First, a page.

Quality is a buzzword of the healthcare industry. One of the first things managers will ask their staffs. What does it mean? What is it not? Learn what it is about, how to assess its value, and if it’s within your budget, what steps you need to take to achieve that quality standard.
Part 1 of how do you define quality? Defining Quality provides a description of quality, how you assess it, and describe the stakeholders who are most affected by quality. Note: as you progress throughout this series, you’ll be focusing more on your own definition of quality. For example, when I evaluate healthcare, I focus on five things: safety, appropriateness, process, communication, and outcomes. In my book, Health and Business: The Drivers of Quality, I focus on these key areas: safety, access, satisfaction, and financial security. The next two articles will focus on each of these topics.
Why do we need these definitions? Because questions such as, “How do you define quality?” can invalidate our ability to clearly communicate our standards and ensure that our processes and operations operate smoothly. If we’re unable to clearly define our definitions, we risk being unable to make changes that improve our quality performance.
The goal with these definitions is to provide managers with the information they need to make important decisions. As I mentioned in my book, Health and Business: The Drivers of Quality, there are three major purposes for which we use definitions. First, we use these definitions to tell customers and stakeholders what we expect of them. Second, we use these definitions to specify the performance that our processes and systems will deliver. Finally, we use these definitions to specify the right things right now and in the future. Let’s discuss each of these points.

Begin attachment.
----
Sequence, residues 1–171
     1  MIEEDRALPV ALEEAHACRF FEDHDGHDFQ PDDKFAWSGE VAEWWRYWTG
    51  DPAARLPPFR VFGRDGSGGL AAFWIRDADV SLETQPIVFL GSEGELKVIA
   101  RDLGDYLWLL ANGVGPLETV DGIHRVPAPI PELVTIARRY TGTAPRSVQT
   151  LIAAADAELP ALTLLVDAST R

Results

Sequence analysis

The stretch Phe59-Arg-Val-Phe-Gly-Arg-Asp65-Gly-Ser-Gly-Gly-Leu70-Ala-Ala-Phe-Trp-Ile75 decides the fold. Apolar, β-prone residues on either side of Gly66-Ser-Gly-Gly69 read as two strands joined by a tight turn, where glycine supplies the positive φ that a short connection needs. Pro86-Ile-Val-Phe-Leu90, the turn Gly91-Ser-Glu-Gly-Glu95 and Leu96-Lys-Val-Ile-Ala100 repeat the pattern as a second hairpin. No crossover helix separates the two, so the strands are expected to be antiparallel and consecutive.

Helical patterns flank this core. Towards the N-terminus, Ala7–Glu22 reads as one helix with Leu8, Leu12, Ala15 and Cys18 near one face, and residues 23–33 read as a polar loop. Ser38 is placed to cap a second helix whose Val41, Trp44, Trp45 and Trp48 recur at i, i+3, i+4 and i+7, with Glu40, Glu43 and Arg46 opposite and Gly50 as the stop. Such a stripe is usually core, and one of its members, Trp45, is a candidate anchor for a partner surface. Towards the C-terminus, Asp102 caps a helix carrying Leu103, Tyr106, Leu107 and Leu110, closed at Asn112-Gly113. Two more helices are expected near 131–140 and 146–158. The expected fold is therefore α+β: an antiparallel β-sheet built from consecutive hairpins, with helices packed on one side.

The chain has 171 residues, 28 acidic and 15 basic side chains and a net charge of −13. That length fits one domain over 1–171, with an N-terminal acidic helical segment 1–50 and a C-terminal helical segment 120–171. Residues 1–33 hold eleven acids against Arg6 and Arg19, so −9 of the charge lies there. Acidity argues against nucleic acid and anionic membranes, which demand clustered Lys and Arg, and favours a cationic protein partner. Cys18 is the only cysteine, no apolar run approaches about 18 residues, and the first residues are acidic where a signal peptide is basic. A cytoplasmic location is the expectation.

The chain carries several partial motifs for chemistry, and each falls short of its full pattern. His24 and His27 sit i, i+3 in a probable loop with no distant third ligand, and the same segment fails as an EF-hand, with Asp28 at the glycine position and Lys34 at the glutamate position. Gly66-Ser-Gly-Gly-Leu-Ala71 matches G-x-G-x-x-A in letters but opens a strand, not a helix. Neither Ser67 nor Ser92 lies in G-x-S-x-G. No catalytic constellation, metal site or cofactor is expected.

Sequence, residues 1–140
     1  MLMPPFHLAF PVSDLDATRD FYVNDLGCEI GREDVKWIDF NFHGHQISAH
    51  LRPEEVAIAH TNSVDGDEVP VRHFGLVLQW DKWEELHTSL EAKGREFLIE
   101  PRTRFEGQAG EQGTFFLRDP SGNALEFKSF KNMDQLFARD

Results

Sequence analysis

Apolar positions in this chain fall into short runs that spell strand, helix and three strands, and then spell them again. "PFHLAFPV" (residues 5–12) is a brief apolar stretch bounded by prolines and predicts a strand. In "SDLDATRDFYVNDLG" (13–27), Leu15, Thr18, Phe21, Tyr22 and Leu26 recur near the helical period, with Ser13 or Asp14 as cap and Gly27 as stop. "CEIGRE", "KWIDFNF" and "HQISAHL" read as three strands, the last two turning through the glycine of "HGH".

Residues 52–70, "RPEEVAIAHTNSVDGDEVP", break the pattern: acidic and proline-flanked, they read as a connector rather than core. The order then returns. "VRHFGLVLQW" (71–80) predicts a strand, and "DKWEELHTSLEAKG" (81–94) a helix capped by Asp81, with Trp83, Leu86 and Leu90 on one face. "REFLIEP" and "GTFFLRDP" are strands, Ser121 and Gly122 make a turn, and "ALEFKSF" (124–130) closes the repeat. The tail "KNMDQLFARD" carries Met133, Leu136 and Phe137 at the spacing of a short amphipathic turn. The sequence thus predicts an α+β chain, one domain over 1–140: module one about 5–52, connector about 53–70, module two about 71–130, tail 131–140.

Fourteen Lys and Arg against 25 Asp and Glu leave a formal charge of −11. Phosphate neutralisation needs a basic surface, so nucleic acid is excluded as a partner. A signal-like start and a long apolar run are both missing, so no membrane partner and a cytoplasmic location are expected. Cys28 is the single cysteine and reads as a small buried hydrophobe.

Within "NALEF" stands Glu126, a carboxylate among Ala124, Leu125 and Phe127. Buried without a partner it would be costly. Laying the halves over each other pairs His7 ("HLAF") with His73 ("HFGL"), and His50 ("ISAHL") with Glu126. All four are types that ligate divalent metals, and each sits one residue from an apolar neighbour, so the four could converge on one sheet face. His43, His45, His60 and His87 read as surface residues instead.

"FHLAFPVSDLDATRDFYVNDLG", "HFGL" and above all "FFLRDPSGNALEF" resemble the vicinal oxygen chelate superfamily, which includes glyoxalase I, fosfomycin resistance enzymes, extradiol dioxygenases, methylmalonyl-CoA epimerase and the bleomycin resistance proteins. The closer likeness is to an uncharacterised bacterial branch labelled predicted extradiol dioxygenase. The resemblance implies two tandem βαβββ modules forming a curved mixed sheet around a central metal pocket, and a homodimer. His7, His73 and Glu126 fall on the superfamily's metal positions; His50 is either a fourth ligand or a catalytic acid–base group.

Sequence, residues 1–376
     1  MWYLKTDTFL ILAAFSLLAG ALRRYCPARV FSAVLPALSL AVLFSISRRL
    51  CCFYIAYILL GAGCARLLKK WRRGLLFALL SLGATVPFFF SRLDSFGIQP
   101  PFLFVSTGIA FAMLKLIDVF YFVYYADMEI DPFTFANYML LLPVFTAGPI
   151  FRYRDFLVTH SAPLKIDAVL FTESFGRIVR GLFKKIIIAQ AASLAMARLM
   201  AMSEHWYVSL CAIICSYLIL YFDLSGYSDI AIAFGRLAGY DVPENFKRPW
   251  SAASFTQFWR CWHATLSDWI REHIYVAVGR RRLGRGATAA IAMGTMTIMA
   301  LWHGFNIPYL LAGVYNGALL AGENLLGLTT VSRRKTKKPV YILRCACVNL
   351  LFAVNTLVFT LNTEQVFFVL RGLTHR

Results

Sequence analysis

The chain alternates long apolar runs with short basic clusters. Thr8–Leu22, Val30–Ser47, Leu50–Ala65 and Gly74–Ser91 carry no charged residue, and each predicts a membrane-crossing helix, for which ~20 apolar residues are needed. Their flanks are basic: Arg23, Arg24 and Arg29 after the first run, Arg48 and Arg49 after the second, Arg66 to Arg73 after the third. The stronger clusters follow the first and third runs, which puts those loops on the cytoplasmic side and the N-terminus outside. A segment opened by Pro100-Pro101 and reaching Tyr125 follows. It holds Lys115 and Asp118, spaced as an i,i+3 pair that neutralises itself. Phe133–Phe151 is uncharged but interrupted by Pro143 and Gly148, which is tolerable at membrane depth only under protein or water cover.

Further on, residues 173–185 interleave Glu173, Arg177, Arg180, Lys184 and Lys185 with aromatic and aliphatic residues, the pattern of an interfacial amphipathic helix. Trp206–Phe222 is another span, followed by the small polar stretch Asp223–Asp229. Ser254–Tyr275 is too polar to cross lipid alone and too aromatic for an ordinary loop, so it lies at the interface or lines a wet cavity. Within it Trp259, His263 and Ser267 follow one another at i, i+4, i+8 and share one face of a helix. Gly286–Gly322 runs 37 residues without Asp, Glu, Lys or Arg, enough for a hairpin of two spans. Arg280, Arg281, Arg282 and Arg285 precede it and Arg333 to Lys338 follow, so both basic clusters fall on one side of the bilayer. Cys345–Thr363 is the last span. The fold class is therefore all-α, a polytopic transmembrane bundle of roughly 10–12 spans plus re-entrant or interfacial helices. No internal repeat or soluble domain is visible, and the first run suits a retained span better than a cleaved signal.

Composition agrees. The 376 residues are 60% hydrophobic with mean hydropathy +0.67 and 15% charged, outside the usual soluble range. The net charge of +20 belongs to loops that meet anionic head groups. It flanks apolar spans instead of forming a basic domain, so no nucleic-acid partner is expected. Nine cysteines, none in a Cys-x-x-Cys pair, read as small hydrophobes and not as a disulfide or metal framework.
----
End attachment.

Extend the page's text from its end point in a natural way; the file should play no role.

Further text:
Customers and stakeholders expect to receive and benefit from good products or services. They also expect these things to be delivered to them in a reasonable time. When you’re defining quality, this is why your definition should include all of these aspects. Ideally, however, your definition should also take into account whether a change will have a significant impact on the definition (i.e., a change that increases costs or lowers the quality of a product). A definition should highlight both the risks associated with the change and the benefits to customers and stakeholders. For example, if the new definition indicates that a quality target will be set higher than the current target in order to achieve the company’s low-carbon footprint, it should also indicate the potential costs of that change and the steps that the company will take to mitigate those costs.
Defining quality involves defining the right things right now. There are two ways to do this: To define quality as a quality attribute, or to define quality as a cultural or organizational value. Cultural and organizational values are usually considered more appropriate because they are harder to replace. But, these attributes can be difficult to measure and may not provide an accurate picture of what customers and employees want. Defining quality as a quality attribute allows customers and stakeholders to easily compare one type of performance with another.
Once you’ve defined quality in terms of the definition above, you need to be able to measure your own company’s quality performance against these standards. Different definition may call for different measurements, but common measurements include quality score, defects per million population, lifetime defects, and change over time. In some cases, a single definition will be more appropriate, depending on how your business currently measures quality: a single definition might be a company-wide standard, while a different definition might be the definition used by a single department.
These definitions are just the first step in defining quality. You’ll find that there are many other dimensions to quality and the actual measurement of quality can be more involved. However, if you know where to look, you can use the definition above to get you started on the road to creating the perfect quality product or service.